“¡Bolsas! ¡Bolsas auténticas de Oaxaca!” Unsteady cobblestones under my feet give way. A bus barges by, shoving me to the curb. “¡Bolsas! ¡Hechas a mano!” The aroma of corn tortillas swirls and twists with the smoke of the pollo asado in a frenzied dance of jarabe tapatío. “Eeeeeeek!” A firework screams in the distance, exploding at its final breath. A group of goth teens share a bag of popcorn by the fountain. The one with dreads powers out to the reggaeton on his stereo. A niña fitted in a red, lacey dress chases after her brother in a pursuit of tag. A sip of coffee runs down my throat warming me from the cool breeze blowing through the sunny Zócalo. “Señorita, ¿le interesa una de estas bolsas?”
Since I began in high school, my journey in language learning has been one characterized by experiences, people, and places. There is something so essential and crucial to connecting language to the five senses that I have found it almost impossible to truly acquire and – even less – appreciate a foreign language and the cultures it unites without EXPERIENCES.
My own journeys have taken me to a variety of places, both locally and abroad. I have crossed paths with people from almost every Spanish-speaking country and have heard their life stories, become part of their life stories. Yet, it never ceases to amaze me that the more I learn the less I seem to know. Learning a language is no small commitment and I am finding that as I progress I am deeper in love today with Spanish than I was when it all began.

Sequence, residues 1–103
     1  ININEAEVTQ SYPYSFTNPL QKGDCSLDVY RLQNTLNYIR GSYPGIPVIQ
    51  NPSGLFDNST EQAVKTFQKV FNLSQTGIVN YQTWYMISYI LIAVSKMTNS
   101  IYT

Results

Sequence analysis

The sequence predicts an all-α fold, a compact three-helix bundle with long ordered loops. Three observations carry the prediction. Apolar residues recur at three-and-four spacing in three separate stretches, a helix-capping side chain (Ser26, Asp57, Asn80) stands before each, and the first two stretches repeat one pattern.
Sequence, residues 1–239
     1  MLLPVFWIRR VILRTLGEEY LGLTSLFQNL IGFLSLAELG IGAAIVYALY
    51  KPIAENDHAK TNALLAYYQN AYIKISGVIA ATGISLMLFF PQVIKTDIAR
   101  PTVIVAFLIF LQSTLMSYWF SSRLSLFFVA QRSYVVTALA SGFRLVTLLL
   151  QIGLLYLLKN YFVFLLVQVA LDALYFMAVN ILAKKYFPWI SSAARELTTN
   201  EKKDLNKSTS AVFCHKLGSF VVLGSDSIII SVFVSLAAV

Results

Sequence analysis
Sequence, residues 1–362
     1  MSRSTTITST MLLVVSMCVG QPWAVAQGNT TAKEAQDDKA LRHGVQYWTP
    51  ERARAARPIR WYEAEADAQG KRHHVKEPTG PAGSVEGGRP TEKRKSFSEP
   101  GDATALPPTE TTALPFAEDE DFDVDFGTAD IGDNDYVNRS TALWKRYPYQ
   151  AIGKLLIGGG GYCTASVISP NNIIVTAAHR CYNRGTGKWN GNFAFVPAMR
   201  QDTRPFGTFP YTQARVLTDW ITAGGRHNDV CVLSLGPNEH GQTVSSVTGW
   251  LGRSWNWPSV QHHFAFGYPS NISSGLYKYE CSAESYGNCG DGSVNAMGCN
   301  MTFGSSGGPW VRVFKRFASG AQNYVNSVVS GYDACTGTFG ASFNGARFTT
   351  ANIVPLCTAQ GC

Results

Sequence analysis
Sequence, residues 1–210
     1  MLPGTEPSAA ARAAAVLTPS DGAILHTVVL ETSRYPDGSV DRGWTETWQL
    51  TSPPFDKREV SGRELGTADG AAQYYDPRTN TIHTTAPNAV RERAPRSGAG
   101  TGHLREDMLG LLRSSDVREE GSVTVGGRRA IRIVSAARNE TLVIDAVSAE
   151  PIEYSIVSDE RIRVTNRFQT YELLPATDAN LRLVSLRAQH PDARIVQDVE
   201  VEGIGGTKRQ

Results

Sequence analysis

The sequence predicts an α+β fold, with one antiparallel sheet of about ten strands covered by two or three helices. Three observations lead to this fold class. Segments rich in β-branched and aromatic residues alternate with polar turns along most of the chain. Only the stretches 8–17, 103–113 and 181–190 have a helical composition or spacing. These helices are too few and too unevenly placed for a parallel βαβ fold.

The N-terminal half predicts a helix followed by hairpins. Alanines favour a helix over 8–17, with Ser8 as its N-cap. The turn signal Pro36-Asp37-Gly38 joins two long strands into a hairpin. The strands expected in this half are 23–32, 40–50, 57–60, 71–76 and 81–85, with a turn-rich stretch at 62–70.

Being bilingual has not only opened doors for new friendships, travel, and professional opportunities. For me, it has been much bigger. Adapting linguistically and culturally to a way of life different from my native one has challenged me to be brave, has revealed unknown perspectives, prejudices and talents, has developed my sense of empathy and understanding, has required that I dance on the boundaries of my limits, and has unlocked my “secret self” that I never knew existed. And that is more than this girl – introverted and a little backwards - from Lumberton, NC could have ever wished for or thought possible.
“Pies para qué los quiero si tengo alas para volar.”
– Frida Kahlo